Jiménez de Cisneros: On the Threshold of Spain's Golden Age

By Erika Rummel | Go to book overview

1 Spain in the Time of Cisneros

Cardinal Cisneros’ life coincided with a dynamic period in Spanish history, the reign of Ferdinand and Isabel. The rule of the “Catholic Monarchs,” as they were entitled, ushered in a golden age, a period of consolidation and expansion that saw the emergence of powerful economic and cultural forces. Modern historians regard Cisneros as one of the chief agents in this process. “There was as much of accident as of design,” John Elliott writes of the emerging Spanish empire, “but in so far as it can be attributed to any particular policies, they were those of Ferdinand and of Cardinal Cisneros” (Elliott, Spain, 130).


Territorial Expansion

The Iberian peninsula, bordered on three sides by the sea and separated from the rest of Europe by the Pyrenees, is a well-defined geographic unit. In Roman times, it was an administrative unit as well. Conquered in the third century B.C., it was eventually incorporated into the Roman Empire as a province, called “Hispania”. Medieval authors continued to refer to the peninsula by this name although it was by the thirteenth century divided into several political units: Portugal on the west coast, Castile occupying a broad swath in the centre, the Crown of Aragon on the east coast, the small kingdom of Navarre in the mountainous north, and Muslim Granada in the south.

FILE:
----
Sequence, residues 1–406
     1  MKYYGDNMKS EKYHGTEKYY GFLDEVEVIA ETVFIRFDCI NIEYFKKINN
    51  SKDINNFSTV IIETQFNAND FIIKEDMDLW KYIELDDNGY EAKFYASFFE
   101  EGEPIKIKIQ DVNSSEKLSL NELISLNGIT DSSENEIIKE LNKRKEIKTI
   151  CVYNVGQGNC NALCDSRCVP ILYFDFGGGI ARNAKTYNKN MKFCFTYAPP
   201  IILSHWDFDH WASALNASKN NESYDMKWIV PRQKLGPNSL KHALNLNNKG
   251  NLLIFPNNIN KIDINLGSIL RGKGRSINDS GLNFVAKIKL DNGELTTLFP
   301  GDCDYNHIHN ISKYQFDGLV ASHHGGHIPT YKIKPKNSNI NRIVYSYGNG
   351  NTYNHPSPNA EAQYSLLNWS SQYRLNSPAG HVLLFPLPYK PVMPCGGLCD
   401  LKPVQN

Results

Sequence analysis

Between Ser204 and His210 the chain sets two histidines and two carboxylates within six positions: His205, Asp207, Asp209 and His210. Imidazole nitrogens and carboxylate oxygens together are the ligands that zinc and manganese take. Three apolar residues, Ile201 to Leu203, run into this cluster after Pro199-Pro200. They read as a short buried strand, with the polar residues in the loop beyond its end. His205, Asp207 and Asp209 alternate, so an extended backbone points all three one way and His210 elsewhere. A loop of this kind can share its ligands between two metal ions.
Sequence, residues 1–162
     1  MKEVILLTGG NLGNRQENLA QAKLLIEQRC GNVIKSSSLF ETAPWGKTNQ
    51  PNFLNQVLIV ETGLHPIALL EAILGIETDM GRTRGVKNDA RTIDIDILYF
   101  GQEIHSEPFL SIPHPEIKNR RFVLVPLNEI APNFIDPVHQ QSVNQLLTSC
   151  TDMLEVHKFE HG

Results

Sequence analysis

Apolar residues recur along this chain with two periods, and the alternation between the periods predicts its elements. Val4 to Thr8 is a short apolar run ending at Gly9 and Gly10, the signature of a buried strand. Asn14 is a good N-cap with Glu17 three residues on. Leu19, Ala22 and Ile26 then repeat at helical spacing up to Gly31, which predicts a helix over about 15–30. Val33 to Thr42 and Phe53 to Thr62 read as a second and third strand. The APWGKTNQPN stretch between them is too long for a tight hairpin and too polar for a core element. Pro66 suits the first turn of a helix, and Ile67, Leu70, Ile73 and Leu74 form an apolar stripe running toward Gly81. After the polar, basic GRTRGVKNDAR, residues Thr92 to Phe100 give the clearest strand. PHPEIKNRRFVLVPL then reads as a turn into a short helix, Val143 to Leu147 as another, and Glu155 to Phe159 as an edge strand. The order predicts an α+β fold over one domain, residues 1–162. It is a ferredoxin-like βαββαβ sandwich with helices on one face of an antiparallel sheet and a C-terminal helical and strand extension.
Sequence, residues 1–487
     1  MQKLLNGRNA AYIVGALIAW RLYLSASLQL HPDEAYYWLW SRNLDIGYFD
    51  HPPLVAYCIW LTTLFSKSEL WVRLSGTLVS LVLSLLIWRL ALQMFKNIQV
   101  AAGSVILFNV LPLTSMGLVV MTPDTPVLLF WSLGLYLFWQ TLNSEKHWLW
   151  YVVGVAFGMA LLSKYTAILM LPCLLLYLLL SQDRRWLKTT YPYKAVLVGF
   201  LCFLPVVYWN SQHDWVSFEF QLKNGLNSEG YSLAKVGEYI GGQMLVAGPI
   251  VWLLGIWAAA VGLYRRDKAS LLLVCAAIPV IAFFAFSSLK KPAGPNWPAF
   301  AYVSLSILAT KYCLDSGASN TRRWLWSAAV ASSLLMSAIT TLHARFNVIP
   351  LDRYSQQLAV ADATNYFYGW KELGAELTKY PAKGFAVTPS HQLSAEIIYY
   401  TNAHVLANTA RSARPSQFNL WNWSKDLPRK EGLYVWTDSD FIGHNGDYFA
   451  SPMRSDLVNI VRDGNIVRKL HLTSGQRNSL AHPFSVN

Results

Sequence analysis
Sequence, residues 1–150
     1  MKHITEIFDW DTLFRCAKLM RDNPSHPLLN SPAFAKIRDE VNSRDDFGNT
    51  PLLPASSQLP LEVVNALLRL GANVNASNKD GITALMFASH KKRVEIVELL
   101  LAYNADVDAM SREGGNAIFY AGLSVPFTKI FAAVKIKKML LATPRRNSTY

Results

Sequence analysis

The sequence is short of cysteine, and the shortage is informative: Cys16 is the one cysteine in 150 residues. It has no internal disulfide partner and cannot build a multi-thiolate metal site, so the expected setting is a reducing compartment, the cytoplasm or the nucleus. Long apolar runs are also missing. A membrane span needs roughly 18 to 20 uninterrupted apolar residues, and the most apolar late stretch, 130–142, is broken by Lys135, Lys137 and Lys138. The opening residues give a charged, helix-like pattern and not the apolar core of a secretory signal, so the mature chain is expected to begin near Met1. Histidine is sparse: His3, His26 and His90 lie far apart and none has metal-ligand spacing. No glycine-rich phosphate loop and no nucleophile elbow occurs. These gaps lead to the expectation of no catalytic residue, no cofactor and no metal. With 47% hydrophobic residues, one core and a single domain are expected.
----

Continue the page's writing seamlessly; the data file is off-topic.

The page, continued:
Castile occupied by far the largest and most densely populated area, commanding four times the territory and six times the population of its nearest competitor, neighbouring Aragon. The two kingdoms were ruled by two branches of the house of Trastámara. In 1464 Henry IV of Castile, who had no legitimate heir, designated his half-sister Isabel as successor to the throne. The eighteen-year-old princess immediately became the centre of dynastic speculations. The

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